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Art of living below your means

Maya Hayakawa

Lifestyle inflation is when one increases their spending as their income goes up. While spending more might seem like the most natural thing to do when income goes up, if left unchecked, it can make it perpetually difficult to get out of debt, save more, or may come in the way of meeting big financial goals. Lifestyle inflation oftentimes leaves people subsisting from paycheck to paycheck making it impossible to meet unforeseable setbacks like medical bills.


A higher income is not always equal to wealth building. Once a fatter cheque arrives the things that once were “luxuries” become “necessities”.

For example, sharing a two-bedroom house with other roommates may once have seemed like the most economical thing to do to keep housing and utility spending down, however, once your pay goes up, it suddenly becomes unacceptable. The most appropriate thing to do, it seems, is to get a one bedroom apartment and live alone.

However, do not rush to spend. No matter how tempting, and exciting it may seem. Before you make a hasty decision, think about the pros and the cons from the decision you are about to make.

Would it really hurt for you to consider sharing a place with a roommate for another couple of years? If you are still single, do you really need to live in a large home? Keeping your spending low while your income increases gives you the opportunity to save a little bit more, invest more and ultimately help build your wealth.

Besides, if you really think about it, you were surviving on your previous income; do you really need to dramatically change your lifestyle as much? See how you can better save, and pay off your debt. You will thank yourself later for this.


People tend to increase their spending each time their income increases, because they think purchases will make them happier. This is not true. Research shows that while money can to some certain extent make someone happy, once basic needs are met, increasing lump sums of money does not add any happiness at all. This is why you can find a filthy rich man completely depressed and broken.

Lasting happiness correlates to the quality of relationships we have. Buying that bigger car, moving into that bigger home, buying the latest jewellery in the market, are all material things that will give you short-term happiness.

In the moment, you may feel a wave of happiness, but after a while, you begin to realise that there is an even bigger house, bigger car, and shinier ring. If you are not careful, you may keep chasing happiness with money. Happiness cannot be bought.

It can only be experienced. If you want to spend more money, spend more money on experiences. Spend more money on building memories that you will cherish forever. These will add more value to your life and will improve your quality of life.


Alright, so you really, really want that new car, you really want that new house. Just remember that as you make these big purchases you will require more upkeep.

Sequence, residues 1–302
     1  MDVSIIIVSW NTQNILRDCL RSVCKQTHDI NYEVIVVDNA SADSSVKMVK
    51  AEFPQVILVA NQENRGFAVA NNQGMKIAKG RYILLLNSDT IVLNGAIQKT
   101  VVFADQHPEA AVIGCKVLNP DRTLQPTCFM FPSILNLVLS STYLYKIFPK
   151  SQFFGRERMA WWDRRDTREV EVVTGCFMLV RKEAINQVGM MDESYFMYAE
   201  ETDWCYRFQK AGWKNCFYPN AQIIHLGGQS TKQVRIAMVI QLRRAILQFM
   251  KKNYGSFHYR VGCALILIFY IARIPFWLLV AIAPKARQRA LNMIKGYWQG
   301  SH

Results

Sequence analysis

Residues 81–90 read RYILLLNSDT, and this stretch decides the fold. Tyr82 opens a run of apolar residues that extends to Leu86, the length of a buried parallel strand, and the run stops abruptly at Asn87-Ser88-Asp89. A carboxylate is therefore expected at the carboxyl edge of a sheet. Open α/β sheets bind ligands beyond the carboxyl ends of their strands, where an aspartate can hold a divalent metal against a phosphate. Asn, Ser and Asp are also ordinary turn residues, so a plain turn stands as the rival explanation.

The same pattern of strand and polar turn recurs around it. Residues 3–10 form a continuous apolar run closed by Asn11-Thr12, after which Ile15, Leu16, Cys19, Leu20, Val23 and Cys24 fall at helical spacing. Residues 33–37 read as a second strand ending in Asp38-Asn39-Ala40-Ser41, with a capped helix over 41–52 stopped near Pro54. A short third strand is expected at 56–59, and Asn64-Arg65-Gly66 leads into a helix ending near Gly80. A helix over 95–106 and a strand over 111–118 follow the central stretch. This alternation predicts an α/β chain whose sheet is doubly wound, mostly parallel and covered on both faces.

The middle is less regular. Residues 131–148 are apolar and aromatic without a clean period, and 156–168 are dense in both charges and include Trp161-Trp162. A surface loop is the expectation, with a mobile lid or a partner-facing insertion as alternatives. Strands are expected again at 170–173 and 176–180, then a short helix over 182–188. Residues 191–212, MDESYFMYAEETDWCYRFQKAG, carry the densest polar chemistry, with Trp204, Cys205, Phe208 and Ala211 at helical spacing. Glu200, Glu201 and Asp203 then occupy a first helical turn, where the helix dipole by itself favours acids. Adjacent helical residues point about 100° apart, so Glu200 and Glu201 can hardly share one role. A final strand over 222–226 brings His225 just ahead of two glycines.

If this is your true desire, keep in mind that you should not go from zero to 100 real quick. Instead, opt to make the changes in your life gradual, so your pocket can adjust to it appropriately. Celebrate the little changes modestly, and give yourself a little pat on your back for progress made.

There are circumstances that force you to spend a little bit more, like when you have a new baby in the house, or when your children are outgrowing their old clothes and need a new wardrobe. Plan ahead, and make sure you can afford the changes. Make it gradual so it does not seem as overwhelming.


Oftentimes, after a salary rise, people get excited and may end up going on a spending spree. If you get a salary raise, before you get too excited about it, take a moment to calculate the real changes in your income. After taxes and expenses you might be surprised that the net rise is not as significant as you initially thought.

Once you take time to calculate the real change to your income, then you will be able to determine how that extra money is going to benefit you.

If the cash is not as significant as you hoped, perhaps consider putting in the extra cash into your savings. You really never can have too much savings. Spread out your spending, take your time and enjoy the phases.


It might be inevitable that you will eventually have a more expensive lifestyle. However, this does not have to equal debt. Be consciously aware of the choices that you are making and opt to delay your lifestyle inflation for a couple of years.

You can focus on stabilising your income and job before spending huge amounts of money. If peer pressure gets to you, remember that you will have more money in your savings account! Compounding growth over time is all that really matters.


Personal finance is a unique and personal journey that cannot be replicated. Do not focus on what other people are doing.

If you catch yourself being envious of others and wanting to play catch up, gently remind yourself that the journey of personal finances is all about priorities and people have different priorities from the ones you have.

Keep your eye on the ball and always remember your long-term goals. Choose to be grateful and content with what you have. Instead choose to take control of your free will.

Choose to live the life that you want, without apologies. When your debt piles up, you go into debt alone, and will have to come out of that debt on your own. It is not worth risking your personal finances just because of a few societal expectations. Make your own rules and live by them!

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